Please check this page regularly for updates. Contact our office for any questions or to verify information you have heard from other sources. ISSS and the University support you and value your presence on our campus and in our community. ISSS, together with the University administration and other relevant offices, continues to monitor changes to immigration policy and enforcement to ensure we can provide you with current and correct information.
Summary: The Supreme Court partially granted the Trump administration’s request to stay the preliminary injunctions on the 90 day travel ban. Please see below for important information about the impact on students and scholars.
Current information: updated 06/26/2017
- The stay remains in effect in many important respects relevant for the University population. The Supreme Court stated that individuals “who have a credible claim of a bona fide relationship with a person or entity in the United States” are still protected under the injunction.
- Examples of persons with a “bona fide relationship” include:
- Students who have been admitted to a U.S. school*
- Scholars who have been invited to teach, research, etc. at a U.S. university
- Workers who accept an offer of employment from a U.S. employer
- Lecturers invited to address an American audience
- Close familial relationship to someone in the U.S. whom you are intending to visit or live with.
*If you are a new student admitted for Fall 2017 please check your University email
for a special message about visas and travel. For specific questions about the travel
ban or visa delays, contact the Office of International Admissions at email@example.com or ISSS at firstname.lastname@example.org.
- The March 16 executive order specifically excludes lawful permanent residents (green card holders).
- For those without a bona fide relationship, the Trump administration has stated that the travel ban will go into effect within 72 hours: we expect this to be on or about June 29, 2017. The EO is valid for 90 days.
- USCIS is processing immigration benefit requests per normal parameters.
- Visa processing has been reported to be extremely slow in many countries- allow extra time for visa applications and renewals.
- We expect that individuals who fit one of the categories listed in the exception (#1 above) should be able to enter the US, however DHS has not yet publicized the process to identify those who qualify for an exception. We anticipate that I-20s and DS-2019s issued by the University should serve as formal documentation of ties to the University of Utah to permit issuance of a visa and entry at the border.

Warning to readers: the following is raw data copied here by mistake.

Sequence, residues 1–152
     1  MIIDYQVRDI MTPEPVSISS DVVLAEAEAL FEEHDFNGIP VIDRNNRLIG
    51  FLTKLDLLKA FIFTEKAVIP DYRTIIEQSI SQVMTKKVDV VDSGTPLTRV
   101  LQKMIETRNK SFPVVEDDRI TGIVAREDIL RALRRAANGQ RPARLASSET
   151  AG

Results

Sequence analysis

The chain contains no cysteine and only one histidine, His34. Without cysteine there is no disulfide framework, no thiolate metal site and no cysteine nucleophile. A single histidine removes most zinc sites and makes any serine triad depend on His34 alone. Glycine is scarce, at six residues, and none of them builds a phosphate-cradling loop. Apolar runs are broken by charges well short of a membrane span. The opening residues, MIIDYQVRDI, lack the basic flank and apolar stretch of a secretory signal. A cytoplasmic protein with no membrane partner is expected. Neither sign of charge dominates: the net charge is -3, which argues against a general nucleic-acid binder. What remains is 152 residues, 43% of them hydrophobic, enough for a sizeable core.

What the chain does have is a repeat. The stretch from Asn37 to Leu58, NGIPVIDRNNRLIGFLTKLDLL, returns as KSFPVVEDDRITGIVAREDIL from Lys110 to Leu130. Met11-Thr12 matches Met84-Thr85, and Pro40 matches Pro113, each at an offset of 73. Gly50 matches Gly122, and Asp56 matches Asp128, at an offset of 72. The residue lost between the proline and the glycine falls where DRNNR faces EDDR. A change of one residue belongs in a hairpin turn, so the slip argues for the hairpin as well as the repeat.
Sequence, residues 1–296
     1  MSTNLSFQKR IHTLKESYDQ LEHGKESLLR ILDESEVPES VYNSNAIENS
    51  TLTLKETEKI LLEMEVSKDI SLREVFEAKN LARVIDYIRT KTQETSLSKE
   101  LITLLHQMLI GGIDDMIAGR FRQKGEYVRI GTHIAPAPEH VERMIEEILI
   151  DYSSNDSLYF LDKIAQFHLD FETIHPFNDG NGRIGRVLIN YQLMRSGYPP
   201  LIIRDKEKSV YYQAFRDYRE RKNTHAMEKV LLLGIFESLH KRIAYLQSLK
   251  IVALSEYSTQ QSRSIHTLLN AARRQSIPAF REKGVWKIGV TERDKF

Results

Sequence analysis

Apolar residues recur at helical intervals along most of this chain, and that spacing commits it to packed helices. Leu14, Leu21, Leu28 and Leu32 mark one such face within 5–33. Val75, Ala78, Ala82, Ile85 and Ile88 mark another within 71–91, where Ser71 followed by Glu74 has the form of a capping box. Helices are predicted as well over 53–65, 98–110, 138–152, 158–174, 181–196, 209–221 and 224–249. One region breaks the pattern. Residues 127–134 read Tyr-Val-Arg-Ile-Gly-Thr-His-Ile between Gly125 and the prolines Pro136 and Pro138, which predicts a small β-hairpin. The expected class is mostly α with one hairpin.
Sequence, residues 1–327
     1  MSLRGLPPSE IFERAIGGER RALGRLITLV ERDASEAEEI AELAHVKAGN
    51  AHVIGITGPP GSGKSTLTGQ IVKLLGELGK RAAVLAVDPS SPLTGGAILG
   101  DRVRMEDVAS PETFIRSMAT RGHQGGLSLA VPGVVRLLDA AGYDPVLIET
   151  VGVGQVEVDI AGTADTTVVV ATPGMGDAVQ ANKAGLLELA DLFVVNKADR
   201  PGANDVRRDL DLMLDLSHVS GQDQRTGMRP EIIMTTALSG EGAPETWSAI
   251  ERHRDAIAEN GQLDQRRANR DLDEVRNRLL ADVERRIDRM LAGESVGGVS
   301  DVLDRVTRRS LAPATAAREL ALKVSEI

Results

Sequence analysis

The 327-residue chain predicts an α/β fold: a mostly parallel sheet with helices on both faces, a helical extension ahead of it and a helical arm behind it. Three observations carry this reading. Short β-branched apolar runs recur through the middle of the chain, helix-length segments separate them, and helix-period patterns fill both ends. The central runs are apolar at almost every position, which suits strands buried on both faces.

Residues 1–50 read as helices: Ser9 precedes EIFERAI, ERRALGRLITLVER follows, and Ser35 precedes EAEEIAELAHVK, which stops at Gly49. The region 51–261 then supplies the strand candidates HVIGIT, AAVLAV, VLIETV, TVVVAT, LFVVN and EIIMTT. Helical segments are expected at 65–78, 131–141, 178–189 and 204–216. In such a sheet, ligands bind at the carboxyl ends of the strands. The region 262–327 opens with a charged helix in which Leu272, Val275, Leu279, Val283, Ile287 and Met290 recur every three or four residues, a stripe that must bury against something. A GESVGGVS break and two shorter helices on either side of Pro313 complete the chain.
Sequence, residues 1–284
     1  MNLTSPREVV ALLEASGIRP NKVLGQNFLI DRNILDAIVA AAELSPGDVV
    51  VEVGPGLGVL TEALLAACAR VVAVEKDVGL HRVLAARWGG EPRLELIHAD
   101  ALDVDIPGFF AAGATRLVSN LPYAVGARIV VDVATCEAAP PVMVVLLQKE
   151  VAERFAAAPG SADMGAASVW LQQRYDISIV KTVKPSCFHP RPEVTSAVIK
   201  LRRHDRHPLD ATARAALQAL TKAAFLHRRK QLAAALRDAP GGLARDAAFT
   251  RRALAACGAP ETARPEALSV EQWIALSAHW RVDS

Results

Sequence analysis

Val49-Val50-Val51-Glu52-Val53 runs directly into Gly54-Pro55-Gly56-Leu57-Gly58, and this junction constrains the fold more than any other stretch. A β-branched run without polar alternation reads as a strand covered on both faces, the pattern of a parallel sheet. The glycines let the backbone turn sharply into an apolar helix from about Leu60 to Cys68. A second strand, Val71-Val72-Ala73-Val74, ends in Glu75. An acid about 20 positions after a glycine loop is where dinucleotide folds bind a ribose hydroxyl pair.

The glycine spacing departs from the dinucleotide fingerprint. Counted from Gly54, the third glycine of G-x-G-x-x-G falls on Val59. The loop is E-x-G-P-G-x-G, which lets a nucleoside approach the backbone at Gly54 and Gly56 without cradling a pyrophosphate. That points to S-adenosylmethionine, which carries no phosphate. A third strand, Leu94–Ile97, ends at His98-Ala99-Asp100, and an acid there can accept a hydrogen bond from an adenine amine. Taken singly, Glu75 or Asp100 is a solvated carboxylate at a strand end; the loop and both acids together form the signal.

- We expect to continue to see increased vetting/ questioning at the border and at the U.S. Consulate possible for anyone applying for a visa and entering the United States. (See below for guidance).
- Nationals from the 6 countries may wish to remain in the US if currently here. If you decide to travel, please contact ISSS before travel to discuss possible risks.
- We suggest that international students and scholars with expired visas avoid travel, or carefully plan any travel to ensure adequate time to renew your visa in your home country. You are welcome to contact our office to further discuss potential risks.
- Expect increased screening at the U.S. border and consulates, including a review of your social media accounts. We do not recommend deleting social media accounts before entering; however we do recommend you are aware that what you are posting/ viewing will be reviewed upon entry.
- Departments, faculty, and staff working with impacted students and scholars are encouraged to contact ISSS with questions or concerns.
- Contact the ISSS office for specific questions and concerns.
- US citizen members of the U community considering travel to one of the 7 listed countries should contact the Global Risk Manager, Sean Bridegam.
EO Update email: February 4, 2017
Support for International Community: January 31, 2017
Information on Recent Executive Order: January 27, 2017 Communication
We know our students and scholars may be feeling afraid, anxious, angry, and uncertain about their future. If this situation negatively impacts you, or your ability to be successful as a student or scholar, please speak with an ISSS advisor as soon as possible.
The offices below can also provide support and resources.
University Counseling Center
Women’s Resource Center
Center for Ethnic Student Affairs